Review: ICELAND by Yuichi Yokoyama

I’m fascinated by Yuichi Yokoyama, and have been since I got my hands on his work when it was originally published by PictureBox back before that venture closed up shop. Yokoyama’s skill is undeniable, his comics strange and dark. And, fittingly, Yokoyama’s been a recent artist of note and discussion; his 2016 comic ICELAND has been recently published by Retrofit as part of their Spring 2017 comics line and another of his books, Outdoors, is to be published by Breakdown Press later this year. Also, Ryan Holmberg, the translator for ICELAND, has recently published one of a planned two articles at length about Yokoyama’s audiovisual abstraction at The Comics Journal. Today I’m reviewing Yokoyama’s ICELAND, which is a sequel of sorts to World Map Room, a longer work that was published in 2013 by PictureBox.

ICELAND is a 92-page softcover graphic novel, featuring a cast of humanoid characters with oddly shaped heads. They journey into a frozen arctic land to find a man in a picture, and in doing so, encounter a shark fisher, an extremely loud bar, and a high-speed taxi driver. Yuichi Yokoyama’s pacing is incredibly slow. Very little happens in terms of plot. Each scene is mired in a sense of paranoia; each character moves and acts as minimally as possible, as if to hide their intentions from a surveilling evil. But perhaps, more notably, Yokoyama has a unique visual style that emphasizes the use of sound effects as elements of the comic. Yokoyama’s lettering for these sound effects is extreme, and they chop through panel after panel as an extremely visual element that emphasizes that sound in a way that can only be described as loud. The lettering is as much a part of the action of the book as the actual character movement, perhaps moreso. Yokoyama’s art is bold, full of straight lines and repeating patterns; the overall effect is cacophony.

The translation into English is done by Ryan Holmberg, previously noted manga scholar, who has also worked with UK-based Breakdown Press. I have a high amount of respect for Holmberg’s taste and work, and so any project with his name attached to it is likely to earn my comics dollars. I bought into Retrofit’s Kickstarter this year expressly for the exact purpose of getting ICELAND. It’s hard for me to not recommend a new Yuichi Yokoyama book to readers who might be passively interested in his work. And, to be fair, I really liked ICELAND. That said, this printing of ICELAND does have its issues, primarily in the way the book was adapted and designed.

Having been printed in 3 different languages, ICELAND as a comic now has three separate covers and book designs. The Retrofit design is clearly the worst of the three. The primary color of the cover is a garish blue with additional lighter blue and white throughout, and the design features two of the characters’ heads. The inside cover is especially confusing, with gradient blue moving from dark to light and converging on the middle where Yokoyama’s linework is printed in blue. I’m also not in love with the cover stock, which feels thin and cheap. I think this is my baggage – I’m probably spoiled by PictureBox’s more luxurious releases. But a slightly heavier stock or a matte finish would have gone a long way in making this book feel more like the Yuichi Yokoyama books I’ve come to know and recognize. Retrofit, at least with this release, stands in a long shadow.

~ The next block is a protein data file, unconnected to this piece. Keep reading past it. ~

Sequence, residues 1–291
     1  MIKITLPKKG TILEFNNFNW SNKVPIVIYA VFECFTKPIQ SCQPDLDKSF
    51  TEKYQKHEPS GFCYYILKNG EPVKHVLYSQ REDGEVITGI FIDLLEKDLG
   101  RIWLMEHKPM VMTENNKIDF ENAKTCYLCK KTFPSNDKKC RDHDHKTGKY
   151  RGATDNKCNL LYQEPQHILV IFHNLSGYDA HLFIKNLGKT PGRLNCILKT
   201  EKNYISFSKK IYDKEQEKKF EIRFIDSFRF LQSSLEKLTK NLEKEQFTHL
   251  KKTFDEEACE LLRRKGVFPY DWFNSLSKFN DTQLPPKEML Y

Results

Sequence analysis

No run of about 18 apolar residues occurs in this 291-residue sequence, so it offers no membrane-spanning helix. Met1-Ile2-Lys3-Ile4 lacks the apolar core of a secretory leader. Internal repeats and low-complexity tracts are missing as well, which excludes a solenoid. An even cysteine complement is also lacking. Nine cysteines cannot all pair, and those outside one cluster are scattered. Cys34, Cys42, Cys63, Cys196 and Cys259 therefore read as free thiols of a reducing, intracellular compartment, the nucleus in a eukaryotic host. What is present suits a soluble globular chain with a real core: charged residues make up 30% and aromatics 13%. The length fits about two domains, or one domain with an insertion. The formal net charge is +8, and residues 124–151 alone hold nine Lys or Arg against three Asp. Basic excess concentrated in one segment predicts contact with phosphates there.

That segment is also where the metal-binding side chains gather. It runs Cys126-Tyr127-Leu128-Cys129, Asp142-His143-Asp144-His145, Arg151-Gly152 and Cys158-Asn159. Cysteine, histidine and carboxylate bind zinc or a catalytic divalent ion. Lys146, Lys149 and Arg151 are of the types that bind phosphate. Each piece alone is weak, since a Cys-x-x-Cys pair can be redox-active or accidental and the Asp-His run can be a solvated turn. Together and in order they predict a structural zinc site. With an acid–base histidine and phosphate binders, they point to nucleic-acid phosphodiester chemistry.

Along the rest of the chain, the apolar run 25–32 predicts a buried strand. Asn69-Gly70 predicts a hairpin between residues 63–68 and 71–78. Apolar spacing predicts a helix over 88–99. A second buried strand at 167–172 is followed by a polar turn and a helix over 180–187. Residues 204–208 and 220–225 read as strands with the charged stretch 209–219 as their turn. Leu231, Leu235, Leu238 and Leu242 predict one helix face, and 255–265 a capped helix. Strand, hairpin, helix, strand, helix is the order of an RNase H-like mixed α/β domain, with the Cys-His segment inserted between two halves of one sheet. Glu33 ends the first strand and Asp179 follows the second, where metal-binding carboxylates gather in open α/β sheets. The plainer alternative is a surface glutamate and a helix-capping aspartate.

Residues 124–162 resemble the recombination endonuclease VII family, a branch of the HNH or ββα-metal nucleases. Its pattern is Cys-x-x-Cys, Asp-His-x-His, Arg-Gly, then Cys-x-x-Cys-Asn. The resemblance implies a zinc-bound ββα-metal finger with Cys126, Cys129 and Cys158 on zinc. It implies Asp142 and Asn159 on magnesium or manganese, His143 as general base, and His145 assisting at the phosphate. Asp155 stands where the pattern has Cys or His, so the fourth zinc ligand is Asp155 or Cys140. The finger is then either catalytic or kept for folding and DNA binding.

Another flaw is the choice to adapt the sound effects so that their translations are printed above, around, or below them in big block lettering that is often white with a black border. Other translated editions make the translated lettering as unobtrusive as possible, where this lettering draws the eye away from Yuichi Yokoyama’s text. This is a tragedy, because the eye is pulled away from one of the most aesthetically pleasing pieces of Yokoyama’s work. This adaptation blunts Yokoyama’s strengths, and serves to make him quiet when he deserves to be loud.

I don’t generally call out design or lettering like this, but I think for Yuichi Yokoyama, where the aesthetics of the book are so tied up with its design and lettering, these flaws do significant damage to the overall power of the book. Which is a shame; ICELAND was one of my most anticipated releases from Retrofit this year, and it feels like a letdown.

You can see more of my reviews of Retrofit books here. If you like the writing I’m doing, please support Sequential State on Patreon. Thanks!

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